• Medium complexity profiling across two or more interdependent tables (e.g. Foreign Key violations)
• Complex profiling across two or more data sets, with applied business logic (e.g. reconciliation checks)

Note that field-by-field analysis is required to truly understand the data gaps.

Any data profiling analysis must not only identify the issues and underlying root causes, but must also identify the business impact of the data quality problem (measured by effectiveness, efficiency, risk inhibitors). This will help identify any value in remediating the data – great for your data quality Business Case. Root cause analysis also helps identify any process outliers and and drives out requirements for remedial action on managing any identified exceptions.

Be sure to profile your data and take baseline measures before applying any remedial actions – this will enable you to measure the impact of any changes.

I strongly recommend Data Quality Profiling and root-cause analysis to be undertaken as an initiation activity as part of all data warehouse, master data and application migration project phases.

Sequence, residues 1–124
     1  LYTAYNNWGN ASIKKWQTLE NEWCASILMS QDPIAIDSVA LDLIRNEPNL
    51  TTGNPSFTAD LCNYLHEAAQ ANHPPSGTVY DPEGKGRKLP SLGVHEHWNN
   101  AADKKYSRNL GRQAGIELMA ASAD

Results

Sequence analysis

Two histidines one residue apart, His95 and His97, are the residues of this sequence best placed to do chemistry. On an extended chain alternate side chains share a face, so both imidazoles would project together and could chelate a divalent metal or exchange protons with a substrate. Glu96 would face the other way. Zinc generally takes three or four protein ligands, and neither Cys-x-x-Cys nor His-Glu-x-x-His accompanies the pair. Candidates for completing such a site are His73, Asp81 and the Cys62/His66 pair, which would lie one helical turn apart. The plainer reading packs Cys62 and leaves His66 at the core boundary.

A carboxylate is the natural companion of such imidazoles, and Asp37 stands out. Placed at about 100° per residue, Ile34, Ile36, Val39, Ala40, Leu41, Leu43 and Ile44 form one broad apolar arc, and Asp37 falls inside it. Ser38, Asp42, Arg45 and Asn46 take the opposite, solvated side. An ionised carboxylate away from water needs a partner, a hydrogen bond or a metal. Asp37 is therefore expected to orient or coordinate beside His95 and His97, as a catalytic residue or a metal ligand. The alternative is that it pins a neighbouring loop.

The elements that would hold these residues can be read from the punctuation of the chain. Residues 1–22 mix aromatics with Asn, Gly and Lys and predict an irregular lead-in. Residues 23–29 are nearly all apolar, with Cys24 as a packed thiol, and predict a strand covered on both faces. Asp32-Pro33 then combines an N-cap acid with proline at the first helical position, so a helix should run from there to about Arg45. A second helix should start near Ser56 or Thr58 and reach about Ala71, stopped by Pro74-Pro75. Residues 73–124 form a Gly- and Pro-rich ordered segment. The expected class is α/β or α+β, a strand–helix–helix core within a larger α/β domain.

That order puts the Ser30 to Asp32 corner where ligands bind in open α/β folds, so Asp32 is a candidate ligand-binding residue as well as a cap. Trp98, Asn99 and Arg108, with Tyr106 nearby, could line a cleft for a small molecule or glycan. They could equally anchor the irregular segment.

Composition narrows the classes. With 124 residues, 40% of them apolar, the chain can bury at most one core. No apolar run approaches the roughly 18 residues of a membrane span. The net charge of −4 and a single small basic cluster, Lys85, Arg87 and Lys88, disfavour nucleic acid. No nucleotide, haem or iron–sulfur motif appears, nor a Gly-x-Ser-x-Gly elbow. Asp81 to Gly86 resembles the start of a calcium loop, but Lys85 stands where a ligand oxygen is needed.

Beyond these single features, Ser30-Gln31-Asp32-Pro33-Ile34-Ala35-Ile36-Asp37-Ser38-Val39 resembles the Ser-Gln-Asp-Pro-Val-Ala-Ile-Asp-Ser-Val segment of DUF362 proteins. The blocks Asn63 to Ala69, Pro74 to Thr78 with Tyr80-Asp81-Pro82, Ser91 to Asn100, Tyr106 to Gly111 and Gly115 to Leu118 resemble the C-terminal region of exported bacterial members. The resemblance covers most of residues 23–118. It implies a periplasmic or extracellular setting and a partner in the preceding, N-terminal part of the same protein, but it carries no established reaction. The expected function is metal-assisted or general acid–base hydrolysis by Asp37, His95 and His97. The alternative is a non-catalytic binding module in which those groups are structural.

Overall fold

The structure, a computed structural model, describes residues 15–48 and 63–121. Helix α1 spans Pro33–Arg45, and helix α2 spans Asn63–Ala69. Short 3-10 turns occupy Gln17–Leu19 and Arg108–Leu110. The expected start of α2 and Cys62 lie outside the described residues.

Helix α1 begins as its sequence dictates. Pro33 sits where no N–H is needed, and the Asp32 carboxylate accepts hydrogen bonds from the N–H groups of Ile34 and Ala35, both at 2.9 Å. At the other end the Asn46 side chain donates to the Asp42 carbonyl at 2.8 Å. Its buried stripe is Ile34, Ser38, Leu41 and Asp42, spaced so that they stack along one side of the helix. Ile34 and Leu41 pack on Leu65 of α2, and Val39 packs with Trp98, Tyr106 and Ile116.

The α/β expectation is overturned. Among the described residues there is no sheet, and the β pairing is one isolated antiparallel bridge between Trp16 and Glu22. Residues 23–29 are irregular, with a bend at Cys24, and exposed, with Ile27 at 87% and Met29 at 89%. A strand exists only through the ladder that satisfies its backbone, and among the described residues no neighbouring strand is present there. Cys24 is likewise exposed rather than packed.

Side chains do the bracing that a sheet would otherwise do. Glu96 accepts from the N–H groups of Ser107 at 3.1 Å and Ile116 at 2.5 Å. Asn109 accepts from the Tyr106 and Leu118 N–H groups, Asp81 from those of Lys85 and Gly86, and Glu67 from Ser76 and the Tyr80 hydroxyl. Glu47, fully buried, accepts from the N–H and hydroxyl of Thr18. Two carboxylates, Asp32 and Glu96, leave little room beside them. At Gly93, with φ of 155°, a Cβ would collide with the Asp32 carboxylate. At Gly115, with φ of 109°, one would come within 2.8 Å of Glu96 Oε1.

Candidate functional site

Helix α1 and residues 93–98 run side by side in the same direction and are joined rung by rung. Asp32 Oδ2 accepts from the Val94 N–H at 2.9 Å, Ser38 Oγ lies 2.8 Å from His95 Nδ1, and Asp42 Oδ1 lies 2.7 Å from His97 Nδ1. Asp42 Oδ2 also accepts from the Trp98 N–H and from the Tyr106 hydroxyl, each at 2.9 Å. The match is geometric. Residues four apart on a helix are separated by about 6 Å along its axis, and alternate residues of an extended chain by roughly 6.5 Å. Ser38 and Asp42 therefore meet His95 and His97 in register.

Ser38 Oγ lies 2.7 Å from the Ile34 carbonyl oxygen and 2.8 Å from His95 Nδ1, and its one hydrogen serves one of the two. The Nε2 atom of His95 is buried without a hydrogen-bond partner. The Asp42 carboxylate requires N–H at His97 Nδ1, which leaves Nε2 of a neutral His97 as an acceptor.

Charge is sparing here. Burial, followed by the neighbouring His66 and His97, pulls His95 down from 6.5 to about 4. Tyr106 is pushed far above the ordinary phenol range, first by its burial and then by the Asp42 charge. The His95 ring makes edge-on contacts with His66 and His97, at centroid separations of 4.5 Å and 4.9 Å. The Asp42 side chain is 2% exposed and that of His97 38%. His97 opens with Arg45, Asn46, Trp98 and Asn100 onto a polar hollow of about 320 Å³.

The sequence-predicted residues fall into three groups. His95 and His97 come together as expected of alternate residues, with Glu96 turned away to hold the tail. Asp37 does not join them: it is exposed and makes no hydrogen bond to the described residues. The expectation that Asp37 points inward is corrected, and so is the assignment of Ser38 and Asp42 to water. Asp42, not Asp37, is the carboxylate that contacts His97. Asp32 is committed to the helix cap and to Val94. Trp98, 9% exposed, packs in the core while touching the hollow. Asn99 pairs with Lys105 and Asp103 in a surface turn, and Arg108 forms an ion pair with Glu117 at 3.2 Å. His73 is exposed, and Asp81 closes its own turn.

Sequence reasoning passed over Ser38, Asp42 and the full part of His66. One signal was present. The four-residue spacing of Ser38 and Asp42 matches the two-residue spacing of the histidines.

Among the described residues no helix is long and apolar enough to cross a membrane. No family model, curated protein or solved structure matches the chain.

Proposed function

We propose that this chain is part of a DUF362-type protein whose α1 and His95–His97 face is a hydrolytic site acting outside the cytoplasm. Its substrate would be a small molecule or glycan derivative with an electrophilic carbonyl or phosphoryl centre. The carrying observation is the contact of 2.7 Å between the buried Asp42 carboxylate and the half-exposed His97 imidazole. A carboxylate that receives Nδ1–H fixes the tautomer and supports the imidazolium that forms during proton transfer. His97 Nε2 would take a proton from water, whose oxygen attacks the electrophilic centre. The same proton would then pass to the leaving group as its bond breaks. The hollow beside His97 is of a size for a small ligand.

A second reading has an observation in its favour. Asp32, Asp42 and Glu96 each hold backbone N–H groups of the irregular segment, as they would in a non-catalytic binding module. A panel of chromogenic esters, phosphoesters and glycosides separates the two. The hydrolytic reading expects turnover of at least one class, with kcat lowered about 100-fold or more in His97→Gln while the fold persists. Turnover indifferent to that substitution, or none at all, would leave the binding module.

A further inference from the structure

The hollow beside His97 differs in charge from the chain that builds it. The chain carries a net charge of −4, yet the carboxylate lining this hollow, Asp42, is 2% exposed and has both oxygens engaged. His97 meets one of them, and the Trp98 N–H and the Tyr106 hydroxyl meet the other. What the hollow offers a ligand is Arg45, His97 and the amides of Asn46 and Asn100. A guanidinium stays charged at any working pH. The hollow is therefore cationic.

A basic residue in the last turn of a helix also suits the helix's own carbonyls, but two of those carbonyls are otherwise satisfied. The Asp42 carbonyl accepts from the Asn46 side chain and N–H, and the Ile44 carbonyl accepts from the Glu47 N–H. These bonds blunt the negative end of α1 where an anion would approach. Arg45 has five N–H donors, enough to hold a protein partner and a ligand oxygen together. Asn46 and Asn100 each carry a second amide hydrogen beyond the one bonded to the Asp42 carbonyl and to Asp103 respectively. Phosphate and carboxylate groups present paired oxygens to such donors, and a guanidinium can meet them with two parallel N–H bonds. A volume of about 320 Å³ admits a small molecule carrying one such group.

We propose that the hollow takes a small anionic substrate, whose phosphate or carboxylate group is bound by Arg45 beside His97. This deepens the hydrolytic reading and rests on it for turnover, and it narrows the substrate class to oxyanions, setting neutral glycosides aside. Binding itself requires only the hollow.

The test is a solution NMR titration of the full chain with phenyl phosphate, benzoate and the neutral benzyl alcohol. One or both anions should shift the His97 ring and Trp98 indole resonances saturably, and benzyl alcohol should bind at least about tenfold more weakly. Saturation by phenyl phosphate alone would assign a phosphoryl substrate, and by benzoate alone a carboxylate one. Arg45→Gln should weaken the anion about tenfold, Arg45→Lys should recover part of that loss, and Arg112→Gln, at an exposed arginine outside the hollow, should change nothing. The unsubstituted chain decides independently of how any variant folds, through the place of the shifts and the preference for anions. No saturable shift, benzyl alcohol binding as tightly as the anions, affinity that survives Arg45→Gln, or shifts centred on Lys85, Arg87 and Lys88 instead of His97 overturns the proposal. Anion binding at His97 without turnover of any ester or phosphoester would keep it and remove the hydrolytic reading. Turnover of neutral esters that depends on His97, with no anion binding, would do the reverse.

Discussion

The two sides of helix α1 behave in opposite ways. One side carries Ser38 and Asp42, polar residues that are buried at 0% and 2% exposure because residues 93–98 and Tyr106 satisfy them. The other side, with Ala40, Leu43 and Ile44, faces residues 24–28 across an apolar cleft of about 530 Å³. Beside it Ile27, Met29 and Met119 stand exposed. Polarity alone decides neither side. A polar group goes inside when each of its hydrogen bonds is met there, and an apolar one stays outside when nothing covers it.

Category: Business Intelligence, Data Quality, Enterprise Data Management, Information Development, Information Governance, Information Management, Information Strategy, Information Value, Metadata
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by: Bsomich
12  Jul  2014

Community Update.

Missed what’s been happening in the MIKE2.0 community? Check out our biweekly update for the latest blog posts, wiki articles and information management resources:

 

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Business Drivers for Better Metadata Management

There are a number Business Drivers for Better Metadata Management that have caused metadata management to grow in importance over the past few years at most major organisations. These organisations are focused on more than just a data dictionary across their information – they are building comprehensive solutions for managing business and technical metadata.